How do you like the idea of having not just one career, but several at once?
Would you enjoy a working life that’s full of variety? One where you never have to do one thing for so long that it becomes a grind?
If those thoughts appeal, perhaps a freelance portfolio career is for you?
In this article, we’ll cover the following:
- What IS a portfolio career?
- How realistic is it to have a portfolio career?
- What are the downsides?
- Why there’s a certain stigma around people choosing to work in this way.
What IS a Portfolio Career?
It didn’t really occur to me that I have a “portfolio career” until a HomeWorkingClub member emailed me asking me to write about it!
However, “portfolio career” describes my working life perfectly.
Here are some of the things I do to earn my living:
- I own and run this website, as well as a couple of others.
- I have a series of regular freelance writing gigs with a number of different clients, mainly in the IT and cybersecurity industries. (You can see some examples of my writing work in my Contently portfolio).
- I earn royalties from a book I published about life in Portugal, and have two more underway.
- I do one-off writing jobs for websites and magazines.
- I build and maintain websites for clients.
- I do IT consultancy work for UK businesses.
On top of these things, I do various little side gigs, both to review them for this site and to earn extra money to pay for holidays and treats. (Read this article to see how quickly this income adds up!)
Essentially, having a portfolio career is about using the skills you have at your disposal to make a freelance living, and doing it in a way that’s rewarding and provides you with variety. It doesn’t have to mirror the things I detail above – somebody could have a portfolio career by doing a mix of freelance writing, selling crafts and baking cupcakes.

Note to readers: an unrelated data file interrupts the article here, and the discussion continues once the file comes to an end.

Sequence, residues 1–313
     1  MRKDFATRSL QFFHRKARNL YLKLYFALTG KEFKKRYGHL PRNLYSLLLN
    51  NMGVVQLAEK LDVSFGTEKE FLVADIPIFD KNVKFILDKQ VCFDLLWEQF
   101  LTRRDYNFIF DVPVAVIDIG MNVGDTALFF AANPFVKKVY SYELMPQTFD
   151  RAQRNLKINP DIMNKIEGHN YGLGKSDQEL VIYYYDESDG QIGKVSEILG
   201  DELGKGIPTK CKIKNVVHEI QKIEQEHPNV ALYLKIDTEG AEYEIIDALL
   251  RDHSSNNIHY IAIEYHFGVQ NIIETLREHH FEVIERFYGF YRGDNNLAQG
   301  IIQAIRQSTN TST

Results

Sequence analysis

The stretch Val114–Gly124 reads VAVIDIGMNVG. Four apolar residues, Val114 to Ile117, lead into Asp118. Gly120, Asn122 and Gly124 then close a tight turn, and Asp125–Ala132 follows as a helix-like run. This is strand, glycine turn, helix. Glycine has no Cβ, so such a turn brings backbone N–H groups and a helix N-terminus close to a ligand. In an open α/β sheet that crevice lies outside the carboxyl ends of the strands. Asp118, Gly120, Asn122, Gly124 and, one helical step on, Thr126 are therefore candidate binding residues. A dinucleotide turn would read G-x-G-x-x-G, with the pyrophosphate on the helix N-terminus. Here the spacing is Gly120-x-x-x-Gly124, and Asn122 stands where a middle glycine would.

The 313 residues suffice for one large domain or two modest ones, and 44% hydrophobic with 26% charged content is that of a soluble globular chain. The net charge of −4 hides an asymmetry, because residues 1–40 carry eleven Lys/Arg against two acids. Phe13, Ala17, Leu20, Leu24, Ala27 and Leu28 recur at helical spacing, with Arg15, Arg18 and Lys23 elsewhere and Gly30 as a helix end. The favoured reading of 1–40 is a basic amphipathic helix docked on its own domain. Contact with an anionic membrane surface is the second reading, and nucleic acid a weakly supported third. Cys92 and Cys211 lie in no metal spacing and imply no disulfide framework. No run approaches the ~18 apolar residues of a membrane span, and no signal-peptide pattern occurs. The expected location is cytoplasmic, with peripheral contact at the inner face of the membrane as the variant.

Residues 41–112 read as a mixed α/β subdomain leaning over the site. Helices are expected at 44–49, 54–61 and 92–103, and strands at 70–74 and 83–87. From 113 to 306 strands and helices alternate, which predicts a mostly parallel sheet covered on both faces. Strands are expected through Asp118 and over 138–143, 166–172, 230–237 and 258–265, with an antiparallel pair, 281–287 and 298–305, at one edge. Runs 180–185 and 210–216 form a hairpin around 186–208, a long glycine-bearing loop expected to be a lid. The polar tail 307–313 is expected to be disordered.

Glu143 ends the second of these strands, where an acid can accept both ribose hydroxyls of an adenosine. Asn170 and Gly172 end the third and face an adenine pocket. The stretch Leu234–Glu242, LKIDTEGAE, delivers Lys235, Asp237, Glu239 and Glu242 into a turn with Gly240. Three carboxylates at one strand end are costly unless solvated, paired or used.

Similarly, and as another example, my wife works as a PR Consultant and a freelance writer, and also takes on project management contracts.
A portfolio career can, quite literally, be anything you want it to be. Such careers have even been described on Forbes as “the future of work.” Yet despite how appealing this kind of working life can be, there are disadvantages, not least the attitude some people have towards those who’ve chosen to build their career this way. And we’ll discuss all that in a moment.
How Realistic is it to Have a Portfolio Career?
I’m perhaps slightly biased on this issue, given my own working life, but I think that building a portfolio career is a very realistic thing to aim for. In fact, I think it’s sometimes more realistic than having one specific freelance career goal.
I aim to be very frank when providing advice on this (as you’ll see if you read my freelance writing jobs for beginners article). Despite what the people selling writing courses and gig-finding services may have you believe, it’s incredibly hard to make a good living as a freelance writer, especially as a beginner. There’s a steep learning curve and an abundance of experienced competition out there. All but the most determined novices fall away before making a career of it.
But how about considering the possibility of building that writing career a couple of days a week, maintaining a part-time job for another two days, and building a little eBay business to work on over the weekend?
Equally, say you’re currently in a high-powered career but secretly want to spend your life designing and making fashion items? Well, why not consider looking into doing your existing job for x days per month on a consultancy basis, using most of the rest of your time to set up a Shopify Store, and designing some print-on-demand items so you can generate some income from Society6 on the side?